U.S. soldiers are revealing sensitive and dangerous information by jogging - The Washington Post
An interactive map posted on the Internet that shows the whereabouts of people who use fitness devices such as Fitbit also reveals highly sensitive information about the locations and activities of soldiers at U.S. military bases, in what appears to be a major security oversight.
The Global Heat Map, published by the GPS tracking company Strava, uses satellite information to map the locations and movements of subscribers to the company’s fitness service over a two-year period, by illuminating areas of activity.
Strava, the social network for athletes, has launched its global heatmap, a striking visualization of over one billion activities from Strava athletes across a wide variety of activities, both on land and in the sea. The activities logged covered nearly 17 billion miles. You can explore and search for your own area here
The map, released in November 2017, shows every single activity ever uploaded to Strava – more than 3 trillion individual GPS data points, according to the company. The app can be used on various devices including smartphones and fitness trackers like Fitbit to see popular running routes in major cities, or spot individuals in more remote areas who have unusual exercise patterns.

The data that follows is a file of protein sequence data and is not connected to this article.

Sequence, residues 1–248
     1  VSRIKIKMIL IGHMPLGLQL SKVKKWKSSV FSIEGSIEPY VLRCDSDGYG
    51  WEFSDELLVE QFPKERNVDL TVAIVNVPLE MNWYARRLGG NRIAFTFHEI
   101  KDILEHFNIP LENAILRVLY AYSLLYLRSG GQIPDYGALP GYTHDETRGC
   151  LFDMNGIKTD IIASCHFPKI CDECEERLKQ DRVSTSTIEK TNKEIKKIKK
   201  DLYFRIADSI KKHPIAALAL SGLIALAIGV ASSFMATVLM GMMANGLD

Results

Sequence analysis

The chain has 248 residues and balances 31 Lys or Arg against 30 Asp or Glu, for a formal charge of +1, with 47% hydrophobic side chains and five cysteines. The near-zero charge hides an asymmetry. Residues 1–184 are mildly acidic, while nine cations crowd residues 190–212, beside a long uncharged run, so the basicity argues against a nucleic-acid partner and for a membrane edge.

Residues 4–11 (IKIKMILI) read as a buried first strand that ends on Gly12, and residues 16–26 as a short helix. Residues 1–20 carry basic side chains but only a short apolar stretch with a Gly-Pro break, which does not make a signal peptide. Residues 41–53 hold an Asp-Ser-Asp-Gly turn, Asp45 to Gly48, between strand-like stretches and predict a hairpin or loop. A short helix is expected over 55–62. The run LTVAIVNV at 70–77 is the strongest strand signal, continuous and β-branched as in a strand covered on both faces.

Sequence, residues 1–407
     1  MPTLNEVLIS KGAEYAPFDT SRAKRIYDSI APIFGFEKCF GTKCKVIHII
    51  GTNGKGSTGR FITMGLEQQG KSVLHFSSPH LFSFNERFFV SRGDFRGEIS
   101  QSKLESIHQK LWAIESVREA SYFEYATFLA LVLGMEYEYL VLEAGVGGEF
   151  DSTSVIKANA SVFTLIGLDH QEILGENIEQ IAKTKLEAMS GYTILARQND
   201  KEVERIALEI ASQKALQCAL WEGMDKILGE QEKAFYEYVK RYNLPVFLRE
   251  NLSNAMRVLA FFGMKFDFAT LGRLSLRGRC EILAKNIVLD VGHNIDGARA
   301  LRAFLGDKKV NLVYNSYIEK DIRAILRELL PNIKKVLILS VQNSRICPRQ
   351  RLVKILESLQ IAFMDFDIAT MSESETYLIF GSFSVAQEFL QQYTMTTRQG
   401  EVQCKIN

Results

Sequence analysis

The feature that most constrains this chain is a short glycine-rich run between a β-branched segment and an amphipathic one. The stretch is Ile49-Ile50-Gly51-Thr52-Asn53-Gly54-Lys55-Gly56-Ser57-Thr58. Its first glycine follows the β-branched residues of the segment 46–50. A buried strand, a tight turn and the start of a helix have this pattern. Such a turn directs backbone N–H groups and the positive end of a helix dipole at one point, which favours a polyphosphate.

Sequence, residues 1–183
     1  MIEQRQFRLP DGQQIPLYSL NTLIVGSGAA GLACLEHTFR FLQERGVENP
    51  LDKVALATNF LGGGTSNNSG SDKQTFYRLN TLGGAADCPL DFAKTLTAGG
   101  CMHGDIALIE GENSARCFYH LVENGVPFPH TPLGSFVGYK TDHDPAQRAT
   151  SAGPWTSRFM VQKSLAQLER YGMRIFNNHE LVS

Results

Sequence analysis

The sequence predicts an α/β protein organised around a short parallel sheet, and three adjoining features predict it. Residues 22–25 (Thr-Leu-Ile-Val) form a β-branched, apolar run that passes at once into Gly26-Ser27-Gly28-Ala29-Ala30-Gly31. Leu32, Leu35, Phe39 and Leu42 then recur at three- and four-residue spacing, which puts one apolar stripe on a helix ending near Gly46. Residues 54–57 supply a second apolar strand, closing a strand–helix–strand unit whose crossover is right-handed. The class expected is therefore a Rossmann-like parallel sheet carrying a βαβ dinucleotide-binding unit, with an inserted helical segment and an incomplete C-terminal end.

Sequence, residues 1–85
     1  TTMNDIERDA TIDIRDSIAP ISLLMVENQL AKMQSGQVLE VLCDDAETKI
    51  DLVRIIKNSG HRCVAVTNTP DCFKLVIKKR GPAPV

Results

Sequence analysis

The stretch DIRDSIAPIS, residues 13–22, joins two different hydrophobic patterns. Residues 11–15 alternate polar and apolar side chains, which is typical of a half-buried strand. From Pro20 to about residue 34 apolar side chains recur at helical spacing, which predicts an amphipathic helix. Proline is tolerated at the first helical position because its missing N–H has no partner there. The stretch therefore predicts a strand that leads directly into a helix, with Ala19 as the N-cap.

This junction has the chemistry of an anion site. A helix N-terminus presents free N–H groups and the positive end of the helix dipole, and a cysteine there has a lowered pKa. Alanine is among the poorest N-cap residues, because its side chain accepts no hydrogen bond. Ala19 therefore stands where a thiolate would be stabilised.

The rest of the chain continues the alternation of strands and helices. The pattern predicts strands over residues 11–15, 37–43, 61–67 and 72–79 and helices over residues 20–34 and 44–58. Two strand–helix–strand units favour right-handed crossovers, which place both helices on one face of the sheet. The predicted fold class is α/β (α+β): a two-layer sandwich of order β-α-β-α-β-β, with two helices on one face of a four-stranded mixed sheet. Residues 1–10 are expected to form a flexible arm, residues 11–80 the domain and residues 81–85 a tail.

However, over the weekend military analysts noticed that the map is also detailed enough that it potentially gives away extremely sensitive information about a subset of Strava users: military personnel on active service.
Nathan Ruser, an analyst with the Institute for United Conflict Analysts, first noted the lapse. The heatmap “looks very pretty” he wrote, but is “not amazing for Op-Sec” – short for operational security. “US Bases are clearly identifiable and mappable.”
“If soldiers use the app like normal people do, by turning it on tracking when they go to do exercise, it could be especially dangerous,” Ruser added, highlighting one particular track that “looks like it logs a regular jogging route.”